I did a quick comparison of the other wide lenses I have now: with the Canon 24/2.8 IS and 35/2 IS. The tiny 24 was known to blow even the TS-E 24mm away for center sharpness. Well, the Otus is better in the corners than the 24 in the center. Even at f/5.6. While the 35mm has more uniform image across the frame, it’s simply not in the same leagues with the Otus. I found that basically there’s no point in comparing the lens with anything except another Otus. Although I had no time (nor intention) to do side by side comparisons, the 28mm shows the same clean, transparent, airy images that the 55mm and the Apo Sonnar 135 are known for.

That’s all for now, after the first half day with the lens (this is a first impressions post after all). More when I will have chance to use it for actual work. But just like with every other lens in my current kit, it’s love at first use. I’m completely confident that they’ll bring home tons of great images during the coming decades (yes, decades).

First Outing with the Zeiss Distagon 2.8/15

Christmas arrived early this year for me – the sleigh disguised as a DHL truck… In the package there was a box containing a Canon-mount Zeiss Distagon T* 2.8/15 lens. After the usual shots around the house, I decided to visit my favorite lens torture place.

I usually check basic lens functions here, look for centering errors and such. Just to get a feeling of how the lens will perform.

Today it was a foggy, damp evening, with a light drizzle. I had absolutely no intention to make an image. But the 15mm Distagon surprised me big time. This is my third Zeiss, and they have a common trait: the ability to render even the most mundane subjects in an interesting and pleasing way.

Case in point:

Foggy, Damp Evening

Foggy, Damp Evening

The 2.8/15 draws a true-to-life, well balanced image. No signs of the “tingling” behavior of Japanese designed glass (both Canon and Sigma are similar it this regard). It’s interesting that I experienced the same with hi-fi equipment in the past. Well, cultural differences and preferences at work.

I just prefer the Zeiss look.

15mm is the widest focal length I’ve ever used (17mm being the second widest). I like the interesting and dynamic perspective ultrawides can produce, and after a decade of working with them I find 15mm pretty easy to work with. Much easier than 17mm was.

I’ll spend some time shooting the lens during the holidays, and will share my further impressions. In January the lens will go back to Zeiss for a little surgery: to get rid of that useless lens hood and make it compatible with my LEE filters. More on this later.

Fall Stream Reflection

I’ve noticed this scene while walking along a stream in the woods of Zemplen. I was using the Mark II Artist’s Viewfinder to hunt for images, and even looking on the screen of my iPhone 6 Plus showed that the shot will be a tricky one.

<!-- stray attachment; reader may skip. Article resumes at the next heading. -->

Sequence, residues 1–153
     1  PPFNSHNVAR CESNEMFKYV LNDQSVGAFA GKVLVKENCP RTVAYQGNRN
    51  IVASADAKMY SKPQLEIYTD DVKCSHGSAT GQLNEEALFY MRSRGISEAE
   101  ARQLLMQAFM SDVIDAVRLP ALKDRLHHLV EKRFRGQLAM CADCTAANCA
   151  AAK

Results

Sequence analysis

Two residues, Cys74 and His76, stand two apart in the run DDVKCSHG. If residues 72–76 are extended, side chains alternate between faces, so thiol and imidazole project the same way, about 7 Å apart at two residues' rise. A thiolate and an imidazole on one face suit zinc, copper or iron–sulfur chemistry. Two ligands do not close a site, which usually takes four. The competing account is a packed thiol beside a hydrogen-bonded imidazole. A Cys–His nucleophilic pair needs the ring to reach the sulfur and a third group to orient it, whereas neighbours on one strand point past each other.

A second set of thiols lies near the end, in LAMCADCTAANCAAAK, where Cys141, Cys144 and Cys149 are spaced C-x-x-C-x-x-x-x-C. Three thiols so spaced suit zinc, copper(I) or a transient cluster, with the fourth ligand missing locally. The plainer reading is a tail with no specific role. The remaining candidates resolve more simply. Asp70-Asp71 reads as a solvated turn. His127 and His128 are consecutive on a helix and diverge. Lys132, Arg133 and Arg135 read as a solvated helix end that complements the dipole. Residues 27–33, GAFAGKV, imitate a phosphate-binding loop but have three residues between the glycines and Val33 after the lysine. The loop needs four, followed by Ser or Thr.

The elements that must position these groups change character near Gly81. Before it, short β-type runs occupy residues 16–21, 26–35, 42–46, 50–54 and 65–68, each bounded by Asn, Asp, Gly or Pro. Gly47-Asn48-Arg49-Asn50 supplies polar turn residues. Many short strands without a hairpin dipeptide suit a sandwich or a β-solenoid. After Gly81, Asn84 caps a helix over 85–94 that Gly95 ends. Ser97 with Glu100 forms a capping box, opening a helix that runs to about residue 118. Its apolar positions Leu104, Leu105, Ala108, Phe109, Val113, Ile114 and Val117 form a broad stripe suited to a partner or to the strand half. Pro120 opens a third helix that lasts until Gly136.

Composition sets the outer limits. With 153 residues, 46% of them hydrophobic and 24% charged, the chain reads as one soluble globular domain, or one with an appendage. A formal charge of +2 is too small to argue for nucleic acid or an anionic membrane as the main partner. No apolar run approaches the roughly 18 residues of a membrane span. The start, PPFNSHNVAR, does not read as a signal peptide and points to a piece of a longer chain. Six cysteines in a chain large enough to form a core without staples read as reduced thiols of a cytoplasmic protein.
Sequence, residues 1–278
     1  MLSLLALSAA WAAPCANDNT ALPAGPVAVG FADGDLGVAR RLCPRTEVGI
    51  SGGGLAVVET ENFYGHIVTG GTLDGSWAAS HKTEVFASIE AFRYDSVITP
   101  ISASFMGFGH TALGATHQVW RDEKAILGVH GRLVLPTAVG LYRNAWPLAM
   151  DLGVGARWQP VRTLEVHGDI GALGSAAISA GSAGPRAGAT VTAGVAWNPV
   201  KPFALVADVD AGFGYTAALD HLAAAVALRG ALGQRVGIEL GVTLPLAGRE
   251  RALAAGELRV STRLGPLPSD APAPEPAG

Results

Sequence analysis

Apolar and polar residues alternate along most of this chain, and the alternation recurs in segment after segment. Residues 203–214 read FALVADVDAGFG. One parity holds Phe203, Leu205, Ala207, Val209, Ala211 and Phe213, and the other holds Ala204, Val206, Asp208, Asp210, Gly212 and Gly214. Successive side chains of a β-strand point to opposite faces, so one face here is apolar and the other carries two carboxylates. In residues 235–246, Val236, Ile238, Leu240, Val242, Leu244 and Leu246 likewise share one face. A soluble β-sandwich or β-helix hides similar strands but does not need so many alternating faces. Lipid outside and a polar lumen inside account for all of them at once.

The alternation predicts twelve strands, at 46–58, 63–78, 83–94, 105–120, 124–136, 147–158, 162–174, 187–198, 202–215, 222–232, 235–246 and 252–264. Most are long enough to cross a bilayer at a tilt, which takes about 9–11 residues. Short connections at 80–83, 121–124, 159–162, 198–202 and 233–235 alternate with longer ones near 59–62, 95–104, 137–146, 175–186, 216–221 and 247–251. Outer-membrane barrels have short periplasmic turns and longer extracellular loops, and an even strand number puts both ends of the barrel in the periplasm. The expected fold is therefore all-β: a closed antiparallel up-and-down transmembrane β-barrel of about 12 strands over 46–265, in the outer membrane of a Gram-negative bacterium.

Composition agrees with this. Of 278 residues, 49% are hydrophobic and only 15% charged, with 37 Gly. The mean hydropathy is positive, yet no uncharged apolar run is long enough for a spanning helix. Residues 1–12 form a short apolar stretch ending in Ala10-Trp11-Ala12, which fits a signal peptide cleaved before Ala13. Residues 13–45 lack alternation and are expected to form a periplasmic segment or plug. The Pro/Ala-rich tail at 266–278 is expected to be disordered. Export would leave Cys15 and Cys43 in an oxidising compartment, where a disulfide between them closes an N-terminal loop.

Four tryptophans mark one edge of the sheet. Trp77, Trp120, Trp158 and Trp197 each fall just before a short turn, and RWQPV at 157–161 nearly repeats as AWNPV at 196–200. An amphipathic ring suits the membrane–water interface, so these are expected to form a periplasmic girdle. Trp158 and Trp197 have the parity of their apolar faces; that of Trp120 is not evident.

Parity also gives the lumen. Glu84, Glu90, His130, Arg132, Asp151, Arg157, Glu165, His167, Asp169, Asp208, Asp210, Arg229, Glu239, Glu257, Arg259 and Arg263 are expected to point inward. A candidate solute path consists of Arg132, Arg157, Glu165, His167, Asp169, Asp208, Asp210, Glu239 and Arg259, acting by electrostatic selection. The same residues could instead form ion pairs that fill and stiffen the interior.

Why? Because of leaves floating around in the water. And most of those leaves were downright ugly. So I had no choice but to grab the LEE Big Stopper and go for a very long exposure.

Fall Stream Reflection

Fall Stream Reflection

At 135mm, I had to stop down to f/22 for appropriate depth of field. While I wouldn’t do that normally because of the sharpness killing effect of diffraction, here it was only part of the overall softness. Moving water also reduced sharpness and the reflecting fall foliage was deliberately left slightly out of focus. Nevertheless, a healthy dose of deconvolution sharpening was applied to restore detail.

But back to the long exposure. It was 6 minutes and 40 seconds. Floating ugly leaves left no trace at all. As usual I shot tethered to Kuuvik Capture 2, so fine tuning bulb exposure length was a piece of cake.

Tern Landing

Sometimes Fortuna smiles at you. This image was shot with the very last rays of the setting July Sun illuminating the tern. Even the 7D Mark II’s autofocus was struggling, and I was able to shoot just one frame.

Whiskered Tern Landing

Whiskered Tern Landing

But this one frame turned out to be my favorite from the day. Shutter speed at 1/500s was slow enough to let the bird’s wings go blurred, but luckily its head is tack sharp. A few clouds caused the background water and sky to go muted pastel, while the bird is burning in the setting Sun. No flash, just available light.

Zeiss Otus 1.4/55 ZE First Impressions

It’s both hard and easy to write about the Otus. Hard, because there are qualities in this lens that one has to witness in person. And easy at the same time, since there are so many good things about it. So many, that one tends to forget about all the minor glitches and imperfections.

I didn’t want to join the “crap shot with an Otus” gang you may find on different forums, so went out to catch the last days of fall. I have the 55 for about a month now, but had only a few days to work with it since its arrival (partly because natural reasons, but mostly because it went back to Zeiss after the first days – more on this later).

Image Quality

It’s among the best I’ve ever seen. And I don’t just mean its high resolution. Take the following image for example. I’ve shot this scene from my favorite port on Lake Tisza more than a couple of times.

Morning on the Lake

Morning on the Lake